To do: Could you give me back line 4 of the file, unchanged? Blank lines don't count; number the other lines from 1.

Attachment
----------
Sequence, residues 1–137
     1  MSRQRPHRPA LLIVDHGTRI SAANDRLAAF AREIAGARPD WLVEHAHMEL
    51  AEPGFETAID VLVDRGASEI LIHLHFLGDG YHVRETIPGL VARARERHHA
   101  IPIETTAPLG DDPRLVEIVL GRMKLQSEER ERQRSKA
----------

   101  IPIETTAPLG DDPRLVEIVL GRMKLQSEER ERQRSKA